Skip the mouldy advice in this entree and savour the classic Michael Pollan of The Omnivore’s Dilemma instead.
Eat food. Not too much. Mostly plants. These seven words Pollan-ated the entire thinking-foodie world in 2006. They made Michael Pollan, food activist and journalist, into a best-selling author. The New York Times listed The Omnivore’s Dilemma as one of the best non-fiction books of the year. The James Beard Foundation lauded it, and universities abroad turned it into required reading.
Somewhere along the way, I also got Pollan-ated, upturning packaged products, squinting at their labels, searching for high-fructose corn syrup, the great offending ingredient from the processed food factories. Without spilling too much bile, let’s just say corn syrup sends your liver and insulin into overdrive.
Now comes Food Rules, as slimly pocket-able as a hipflask, except that it offers you a health high. It’s got a single green pea printed on its front jacket. And it takes about 60 minutes to absorb the 64, sometimes banal, sometimes funny and a few breakthrough Food Rules printed from the pea pod onwards to page 140. They’re supposed to help you negotiate the complexities of eating in this age of dietary uncertainty, where eggs are good, eggs are bad and suddenly Sachin Tendulkar might’ve made a whole load of money endorsing eggs for the National Egg Coordination Committee.
Rather than telling you what’s for dinner, Pollan tells you what to eat—over your lifetime. Savour Rule 13: ‘Eat foods that will eventually rot.’ Whassat? Spurn packaged goods where corporations extract health-enhancing omega 3 fatty acids to extend their product’s shelf life. He also spikes all imitations like artificial sweeteners (you can’t fool the brain), lite and non-fat creations (margarine is a pretend food that choked America’s arteries).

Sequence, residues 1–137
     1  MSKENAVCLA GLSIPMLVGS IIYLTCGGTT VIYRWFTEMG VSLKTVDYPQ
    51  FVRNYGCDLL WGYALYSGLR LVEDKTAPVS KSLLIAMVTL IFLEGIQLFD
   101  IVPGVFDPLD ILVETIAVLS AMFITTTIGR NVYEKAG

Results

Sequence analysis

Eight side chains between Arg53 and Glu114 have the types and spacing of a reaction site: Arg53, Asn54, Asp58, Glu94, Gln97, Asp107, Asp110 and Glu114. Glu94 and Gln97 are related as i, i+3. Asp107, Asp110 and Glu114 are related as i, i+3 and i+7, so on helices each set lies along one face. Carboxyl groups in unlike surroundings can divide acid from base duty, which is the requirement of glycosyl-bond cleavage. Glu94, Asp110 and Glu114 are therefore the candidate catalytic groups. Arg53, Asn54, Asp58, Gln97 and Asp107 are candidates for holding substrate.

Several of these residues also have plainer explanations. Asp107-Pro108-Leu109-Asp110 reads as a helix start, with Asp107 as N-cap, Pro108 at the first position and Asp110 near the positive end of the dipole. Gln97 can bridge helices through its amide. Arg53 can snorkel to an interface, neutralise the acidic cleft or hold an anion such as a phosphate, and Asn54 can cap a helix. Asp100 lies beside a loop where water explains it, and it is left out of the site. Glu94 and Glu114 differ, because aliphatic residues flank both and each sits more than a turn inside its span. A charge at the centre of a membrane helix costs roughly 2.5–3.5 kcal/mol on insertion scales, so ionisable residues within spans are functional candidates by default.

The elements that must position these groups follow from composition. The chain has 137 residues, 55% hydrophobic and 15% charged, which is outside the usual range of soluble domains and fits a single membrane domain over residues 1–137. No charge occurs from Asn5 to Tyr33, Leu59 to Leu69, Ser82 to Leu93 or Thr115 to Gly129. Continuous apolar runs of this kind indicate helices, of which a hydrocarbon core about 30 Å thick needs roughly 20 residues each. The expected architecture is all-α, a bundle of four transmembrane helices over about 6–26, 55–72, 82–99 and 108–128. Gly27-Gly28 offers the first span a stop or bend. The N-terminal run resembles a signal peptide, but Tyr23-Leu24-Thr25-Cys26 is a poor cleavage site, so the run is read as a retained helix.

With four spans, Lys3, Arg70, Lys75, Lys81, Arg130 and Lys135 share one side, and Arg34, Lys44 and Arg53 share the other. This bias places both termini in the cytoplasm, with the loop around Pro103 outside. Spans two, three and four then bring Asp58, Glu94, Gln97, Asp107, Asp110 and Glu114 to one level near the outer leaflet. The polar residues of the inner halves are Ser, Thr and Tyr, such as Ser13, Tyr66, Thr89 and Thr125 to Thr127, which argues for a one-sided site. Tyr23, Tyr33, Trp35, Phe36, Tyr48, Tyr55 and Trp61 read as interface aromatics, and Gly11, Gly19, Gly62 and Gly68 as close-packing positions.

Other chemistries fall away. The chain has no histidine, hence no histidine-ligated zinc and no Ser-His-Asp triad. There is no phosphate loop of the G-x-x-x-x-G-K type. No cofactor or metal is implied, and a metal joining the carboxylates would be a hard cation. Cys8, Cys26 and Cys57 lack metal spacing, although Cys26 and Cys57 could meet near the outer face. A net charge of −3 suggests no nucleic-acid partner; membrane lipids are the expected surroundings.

Yes, this will disturb your joy of eating.
For those who’ve read Pollan’s earlier works, be warned, this is a condensed version of his ideas tacked on to a compilation of views from everyday experts like grandmothers. And it is aimed at Obama country; Indians do eat food, not too much and mostly plants. But old-time Mumbaikars do so after warning the bhajiwalas, ‘no railway spinach’. This is grown besides suburban railways tracks, fertilised by human uric acid and gloop. Brain cysts caused by tapeworms are at an epidemic level in urban India. More vegetarians have tapeworm than meat eaters, as these cling to veggies like coriander that’s eaten raw.
Even if Pollan insists, ‘It’s not food if it arrived through the window of your car’—alluding to fast food—sometimes, a Mc wrap or Mc alu tikki is the cheapest clean meal. Read this book knowing that some of these food rules, that repeat like a heavy dinner, are rather unforgiving and indigestible. Besides, who’d actually abide by Rule 31: ‘Eat weeds and wild animals’? Even if their meat is less fatty, it’s still unlawful. Somehow, you might end up being cross at this sort of Pollan-ation.